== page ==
Our parents, and even grandparents, never saw rates like these. A 15-year home loan now averages 2.84%, while a 30-year loan is 3.59%. And more homeowners are riding the refinance train with the shorter-term loan on board.
But there is one reason above all others for taking out a 15-year mortgage. And it's not necessarily what is foremost on your mind when you refinance.
Most people think a 15-year mortgage means double the payment of a 30-year. Not so, said Victor Benoun, president of The Mortgage Source Inc. If a homeowner is borrowing $250,000 at 3.5% interest on a 30-year loan, his monthly payment would be $1,140. A 15-year loan of the same amount at a 3% interest rate would cost $1,726, a difference of about $600 per month.
The numbers are stunning. Those who pay off their mortgage earlier can save tens of thousands of dollars in interest. A 15-year loan racks up $60,761 in interest vs. $154,140 for a 30-year.
But the real reason for taking out a shorter-term loan is not about saving money. The most compelling reason to spring for a 15-year mortgage? It builds equity faster.
The idea is appealing for baby boomers who want their house paid off as they enter retirement. Younger homeowners like the idea of paying off their home sooner and using the equity to upgrade as their family grows. Meanwhile, others who plan to stay in their home for only five years can benefit from quickly building up equity before selling.
Paying off a mortgage earlier also frees up cash that can be invested or used for other living expenses.
Financial attorney Leslie Tayne agrees that it's nice to eliminate a mortgage payment, but the ideal borrower should have nine to 12 months of savings, is still able to save every month and pay bills and carries little debt.
Refinancing is the most common way to take advantage of low 15-year loan rates. In the first quarter of 2012, 31% of borrowers paid off their 30-year fixed-rate mortgage and refinanced with a 20-, 15- or shorter-term loan, according to Freddie Mac.
Benoun, who has been in the mortgage business for more than 30 years, said about 15% of his clients choose the 15-year mortgage route. A smaller percentage prefers an even shorter term -- the 10-year loan.
'It's a great time to refinance, but don't assume there's only one program out there,' he said.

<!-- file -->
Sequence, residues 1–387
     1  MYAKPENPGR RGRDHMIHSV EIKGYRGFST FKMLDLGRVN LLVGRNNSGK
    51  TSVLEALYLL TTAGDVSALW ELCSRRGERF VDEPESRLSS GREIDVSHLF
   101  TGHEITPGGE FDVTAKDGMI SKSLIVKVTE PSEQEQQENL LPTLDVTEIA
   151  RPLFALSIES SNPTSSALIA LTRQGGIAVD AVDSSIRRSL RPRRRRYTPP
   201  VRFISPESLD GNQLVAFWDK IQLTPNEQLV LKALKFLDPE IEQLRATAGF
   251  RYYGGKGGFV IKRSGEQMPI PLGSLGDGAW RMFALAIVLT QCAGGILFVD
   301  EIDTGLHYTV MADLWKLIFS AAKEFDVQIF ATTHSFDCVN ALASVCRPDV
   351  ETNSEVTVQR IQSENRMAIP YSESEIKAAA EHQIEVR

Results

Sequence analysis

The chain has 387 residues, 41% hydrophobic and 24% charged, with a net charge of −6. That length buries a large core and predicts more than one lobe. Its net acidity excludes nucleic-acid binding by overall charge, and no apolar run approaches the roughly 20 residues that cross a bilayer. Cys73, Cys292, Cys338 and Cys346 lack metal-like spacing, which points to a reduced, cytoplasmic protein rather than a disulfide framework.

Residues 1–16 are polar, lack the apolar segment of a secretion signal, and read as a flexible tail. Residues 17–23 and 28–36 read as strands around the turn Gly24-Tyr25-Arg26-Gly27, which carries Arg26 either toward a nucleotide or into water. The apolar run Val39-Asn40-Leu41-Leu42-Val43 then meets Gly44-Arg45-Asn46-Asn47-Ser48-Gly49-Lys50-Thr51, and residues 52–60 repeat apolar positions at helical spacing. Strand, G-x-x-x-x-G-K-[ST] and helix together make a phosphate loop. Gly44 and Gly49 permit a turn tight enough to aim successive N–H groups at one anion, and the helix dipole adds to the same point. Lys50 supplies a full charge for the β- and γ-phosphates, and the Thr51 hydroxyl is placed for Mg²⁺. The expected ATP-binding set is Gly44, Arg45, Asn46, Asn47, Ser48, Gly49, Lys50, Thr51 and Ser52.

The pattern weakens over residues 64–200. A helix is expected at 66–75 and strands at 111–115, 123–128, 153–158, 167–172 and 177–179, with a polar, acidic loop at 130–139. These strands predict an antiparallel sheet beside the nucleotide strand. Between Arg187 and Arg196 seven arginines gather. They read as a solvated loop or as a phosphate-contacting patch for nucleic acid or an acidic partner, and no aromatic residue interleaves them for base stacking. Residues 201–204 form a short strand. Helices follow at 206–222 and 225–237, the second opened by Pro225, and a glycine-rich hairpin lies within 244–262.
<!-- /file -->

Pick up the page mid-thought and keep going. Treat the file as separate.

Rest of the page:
Not For Everyone
After consulting with a mortgage expert, real estate attorney or tax professional, some borrowers determine that shorter-term mortgages aren't for them. Job security, retirement and missing out on tax breaks from mortgage interest are among their concerns.
'I find that people don't have savings anymore and they aren't putting enough into retirement,' says Tayne, a debt management/resolution expert. 'They need the cash to fall back on in case they lose their job or suffer an illness. Paying off the mortgage faster is great,' but it can be a detriment if these other factors aren't in place.
It's all about the ROI -- return on investment -- and what you can afford.
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One way to shave 10 years off a 30-year mortgage is to annually make a 13th payment. Write 'for principal only' on the check and the lender will apply the funds to the principal and not the interest.
Tayne said December is a good month for the 13th payment because many people receive bonuses then. But it can be paid at any time of the year as long as it's consistent.
'By making small monthly mortgage payments broken up over a longer period of time, homeowners can protect themselves from the risk of being stuck with a higher payment should their household income decrease for any reason,' she said.
No one knows when these killer interest rates will retreat to higher ground. Savvy borrowers will take advantage of the financing options while they are available.
The Investing Answer: Talk to tax professionals and an attorney to make sure a 15-year mortgage is a good fit with your finances. Fair warning: If you compensate for higher monthly mortgage payments by paying for expenses with high-interest credit cards, you've defeated the purpose of a shorter-term loan.